This probably wasn’t the first encounter Matthew had ever had with Jesus. His tax office was next to the sea of Galilee where Jesus had often taught large groups of people. Maybe Matthew had stood at the edge of one of those crowds and listened.

And now, it was time for a divine encounter, when Jesus said, “Gift of God, today is the day I’d like for you to make the decision to get up and leave all this and attach yourself to me.”

Verse 28 gives us his response: “And Levi got up, left everything and followed Him.” He decided in his heart to leave and then he followed. He couldn’t follow Him and stay at the tax collector’s table.

If you would have asked Matthew at this point if he thought Jesus could use him as an evangelist, he would have said something like that’s funnier than a flat tax.” And yet, God does use him in a mighty way. Look at verse 29: “Then Levi held a great banquet for Jesus at his house, and a large crowd of tax collectors and others were eating with them.” 

I picture Matthew brainstorming as he asks himself, “What do I do well? Let’s start there.” An idea comes to his mind but he blows it off. “I throw great parties but I’m a Christ-follower now. I probably shouldn’t be doing that anymore.” 

But he can’t shake the idea and finally it hits him: “What if I threw a party with a purpose? Yeah. What if all my IRS buddies who love to party came and what if I invited Jesus and His friends? What if they all showed up and hung out at the punch bowl together? What if Jesus rubbed shoulders with my friends and what if some spiritual conversations took place? That would be cool.”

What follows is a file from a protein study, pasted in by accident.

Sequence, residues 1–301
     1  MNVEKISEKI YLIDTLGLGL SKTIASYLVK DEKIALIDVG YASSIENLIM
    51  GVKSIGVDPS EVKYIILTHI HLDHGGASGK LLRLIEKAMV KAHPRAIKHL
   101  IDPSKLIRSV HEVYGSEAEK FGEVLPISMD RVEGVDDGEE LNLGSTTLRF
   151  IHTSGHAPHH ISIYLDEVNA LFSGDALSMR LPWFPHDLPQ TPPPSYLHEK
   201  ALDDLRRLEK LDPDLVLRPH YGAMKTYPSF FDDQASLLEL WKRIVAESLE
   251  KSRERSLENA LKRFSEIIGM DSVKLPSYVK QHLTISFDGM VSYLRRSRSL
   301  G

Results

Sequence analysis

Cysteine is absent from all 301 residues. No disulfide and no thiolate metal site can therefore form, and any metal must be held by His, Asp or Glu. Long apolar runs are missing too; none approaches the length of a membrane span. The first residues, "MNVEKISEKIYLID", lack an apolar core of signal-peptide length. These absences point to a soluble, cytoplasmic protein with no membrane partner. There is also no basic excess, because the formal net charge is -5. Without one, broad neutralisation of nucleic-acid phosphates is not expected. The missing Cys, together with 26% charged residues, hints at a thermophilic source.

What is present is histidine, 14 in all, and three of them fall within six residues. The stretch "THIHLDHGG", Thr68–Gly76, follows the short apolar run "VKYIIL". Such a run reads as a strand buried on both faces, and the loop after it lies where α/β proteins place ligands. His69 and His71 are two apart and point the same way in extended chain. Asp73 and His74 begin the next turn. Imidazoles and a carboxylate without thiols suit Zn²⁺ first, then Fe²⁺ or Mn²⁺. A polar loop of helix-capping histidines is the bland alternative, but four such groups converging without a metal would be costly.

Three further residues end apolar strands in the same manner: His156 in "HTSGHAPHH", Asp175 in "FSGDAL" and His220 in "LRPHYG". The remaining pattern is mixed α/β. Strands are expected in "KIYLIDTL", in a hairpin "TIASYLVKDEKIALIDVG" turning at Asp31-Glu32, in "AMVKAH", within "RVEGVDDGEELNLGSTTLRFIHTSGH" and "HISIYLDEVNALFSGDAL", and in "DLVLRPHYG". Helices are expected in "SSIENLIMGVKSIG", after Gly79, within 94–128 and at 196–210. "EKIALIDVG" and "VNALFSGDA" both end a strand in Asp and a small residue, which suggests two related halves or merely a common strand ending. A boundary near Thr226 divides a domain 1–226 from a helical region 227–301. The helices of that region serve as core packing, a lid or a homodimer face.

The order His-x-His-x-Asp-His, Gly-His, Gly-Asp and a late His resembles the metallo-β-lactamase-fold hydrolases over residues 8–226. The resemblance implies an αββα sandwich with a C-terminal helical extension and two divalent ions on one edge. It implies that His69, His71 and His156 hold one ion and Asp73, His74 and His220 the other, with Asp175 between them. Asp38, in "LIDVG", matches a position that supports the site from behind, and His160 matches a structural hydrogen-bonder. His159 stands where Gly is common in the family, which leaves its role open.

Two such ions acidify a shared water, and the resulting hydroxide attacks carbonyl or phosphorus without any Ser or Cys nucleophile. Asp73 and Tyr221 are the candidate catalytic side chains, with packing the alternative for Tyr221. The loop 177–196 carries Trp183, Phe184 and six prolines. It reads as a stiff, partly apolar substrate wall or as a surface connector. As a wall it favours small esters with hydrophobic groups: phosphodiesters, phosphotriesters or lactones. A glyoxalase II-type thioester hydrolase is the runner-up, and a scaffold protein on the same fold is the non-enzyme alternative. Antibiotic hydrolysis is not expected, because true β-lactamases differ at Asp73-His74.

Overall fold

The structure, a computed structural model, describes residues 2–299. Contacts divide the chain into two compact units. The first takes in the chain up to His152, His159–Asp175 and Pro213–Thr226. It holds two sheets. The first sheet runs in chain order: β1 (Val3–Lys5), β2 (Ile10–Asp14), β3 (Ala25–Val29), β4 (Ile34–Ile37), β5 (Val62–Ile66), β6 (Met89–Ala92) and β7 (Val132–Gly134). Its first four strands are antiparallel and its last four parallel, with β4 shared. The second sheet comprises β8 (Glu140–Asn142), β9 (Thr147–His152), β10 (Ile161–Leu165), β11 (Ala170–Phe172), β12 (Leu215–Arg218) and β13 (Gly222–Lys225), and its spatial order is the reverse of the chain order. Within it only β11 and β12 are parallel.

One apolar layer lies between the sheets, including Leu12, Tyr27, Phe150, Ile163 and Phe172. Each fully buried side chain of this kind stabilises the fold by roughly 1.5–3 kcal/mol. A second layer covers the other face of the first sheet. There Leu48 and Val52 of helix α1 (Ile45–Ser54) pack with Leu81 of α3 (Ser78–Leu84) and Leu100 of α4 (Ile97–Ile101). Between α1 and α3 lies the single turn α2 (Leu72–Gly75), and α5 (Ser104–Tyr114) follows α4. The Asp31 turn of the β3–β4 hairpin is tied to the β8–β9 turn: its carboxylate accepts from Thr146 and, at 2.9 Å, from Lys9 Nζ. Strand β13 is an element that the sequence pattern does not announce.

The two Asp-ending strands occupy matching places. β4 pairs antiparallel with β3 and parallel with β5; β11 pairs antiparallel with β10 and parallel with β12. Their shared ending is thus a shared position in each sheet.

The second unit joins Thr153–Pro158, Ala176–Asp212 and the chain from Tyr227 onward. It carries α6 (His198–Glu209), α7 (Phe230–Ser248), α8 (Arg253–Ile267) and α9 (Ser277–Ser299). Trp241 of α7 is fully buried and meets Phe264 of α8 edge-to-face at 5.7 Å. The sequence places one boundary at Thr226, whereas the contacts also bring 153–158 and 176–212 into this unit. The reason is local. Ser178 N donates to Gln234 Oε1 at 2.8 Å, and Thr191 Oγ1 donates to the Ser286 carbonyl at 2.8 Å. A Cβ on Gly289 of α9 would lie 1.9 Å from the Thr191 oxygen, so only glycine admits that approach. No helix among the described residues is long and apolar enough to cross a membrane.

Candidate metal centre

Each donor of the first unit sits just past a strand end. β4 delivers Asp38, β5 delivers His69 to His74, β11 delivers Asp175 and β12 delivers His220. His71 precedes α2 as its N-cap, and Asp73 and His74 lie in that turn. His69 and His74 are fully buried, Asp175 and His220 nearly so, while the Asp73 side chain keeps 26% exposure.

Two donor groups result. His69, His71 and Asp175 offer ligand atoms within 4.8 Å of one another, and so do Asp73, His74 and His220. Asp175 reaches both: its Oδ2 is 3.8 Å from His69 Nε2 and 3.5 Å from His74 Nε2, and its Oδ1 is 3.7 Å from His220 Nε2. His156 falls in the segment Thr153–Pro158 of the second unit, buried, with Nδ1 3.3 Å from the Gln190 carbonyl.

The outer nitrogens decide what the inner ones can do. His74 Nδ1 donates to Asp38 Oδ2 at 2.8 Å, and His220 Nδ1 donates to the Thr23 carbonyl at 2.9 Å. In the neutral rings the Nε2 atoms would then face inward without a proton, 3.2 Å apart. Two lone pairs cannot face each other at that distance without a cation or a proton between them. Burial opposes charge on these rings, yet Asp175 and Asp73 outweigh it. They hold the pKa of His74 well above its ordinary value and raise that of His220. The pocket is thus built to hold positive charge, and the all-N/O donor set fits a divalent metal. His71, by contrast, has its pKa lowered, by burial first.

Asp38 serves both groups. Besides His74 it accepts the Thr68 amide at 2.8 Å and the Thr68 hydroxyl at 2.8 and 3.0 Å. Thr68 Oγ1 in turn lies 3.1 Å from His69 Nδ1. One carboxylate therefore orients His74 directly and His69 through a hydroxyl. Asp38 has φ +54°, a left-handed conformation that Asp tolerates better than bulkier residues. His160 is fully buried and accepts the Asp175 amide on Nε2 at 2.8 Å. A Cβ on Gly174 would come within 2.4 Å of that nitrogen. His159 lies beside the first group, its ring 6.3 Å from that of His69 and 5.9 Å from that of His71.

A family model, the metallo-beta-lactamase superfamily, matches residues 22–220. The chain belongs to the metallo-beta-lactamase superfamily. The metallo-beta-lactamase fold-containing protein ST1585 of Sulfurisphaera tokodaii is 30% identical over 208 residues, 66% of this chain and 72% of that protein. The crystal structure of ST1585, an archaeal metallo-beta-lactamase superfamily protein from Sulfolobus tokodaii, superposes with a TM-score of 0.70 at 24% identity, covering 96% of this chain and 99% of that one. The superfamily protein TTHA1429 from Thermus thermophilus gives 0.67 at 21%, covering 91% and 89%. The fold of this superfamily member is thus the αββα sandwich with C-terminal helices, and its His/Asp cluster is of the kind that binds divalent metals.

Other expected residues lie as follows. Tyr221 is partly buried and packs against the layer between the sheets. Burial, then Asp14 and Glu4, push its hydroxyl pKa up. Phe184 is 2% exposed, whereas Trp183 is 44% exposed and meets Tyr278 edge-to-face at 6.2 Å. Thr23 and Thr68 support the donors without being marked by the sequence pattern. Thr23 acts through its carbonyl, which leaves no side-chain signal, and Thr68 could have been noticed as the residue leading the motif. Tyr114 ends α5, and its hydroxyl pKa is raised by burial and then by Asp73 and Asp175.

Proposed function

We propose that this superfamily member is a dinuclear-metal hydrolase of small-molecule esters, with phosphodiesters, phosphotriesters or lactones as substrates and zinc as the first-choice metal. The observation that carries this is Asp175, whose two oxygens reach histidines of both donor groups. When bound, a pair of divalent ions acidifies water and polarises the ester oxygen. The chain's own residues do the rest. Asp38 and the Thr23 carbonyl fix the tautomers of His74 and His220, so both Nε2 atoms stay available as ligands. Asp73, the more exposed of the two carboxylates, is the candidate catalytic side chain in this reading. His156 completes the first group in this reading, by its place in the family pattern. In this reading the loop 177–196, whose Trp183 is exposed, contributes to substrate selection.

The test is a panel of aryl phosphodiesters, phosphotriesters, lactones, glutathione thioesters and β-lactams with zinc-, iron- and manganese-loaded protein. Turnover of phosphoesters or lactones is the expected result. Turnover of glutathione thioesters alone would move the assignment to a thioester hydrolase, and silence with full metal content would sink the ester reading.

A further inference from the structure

His life was transformed and he wanted others to know about it. And so Matthew throws a party and the tax-collectors come. His network of acquaintances are eating nachos and cheese and watching the ball game; as he looks around the room, he sees Peter talking to two of his buddies. And there’s John over there with a couple of them. And then he sees Jesus with a whole crowd of people around Him, he thinks “Tell ‘em Jesus.” 

We don’t know how many of Matthew’s friends became followers of Jesus as a result of his efforts. Maybe some did. Maybe none did. But that’s not really the issue. What’s important is that something has happened to Matthew. Matthew has become an evangelist. In a way that is appropriate to his personality and the situation, he’s become a spokesperson for God. 

That night was just the beginning. Being a tax collector, he was good with a pen and paper and for the next three years he recorded what he saw and heard of Jesus. His writings became known as the Gospel of Matthew.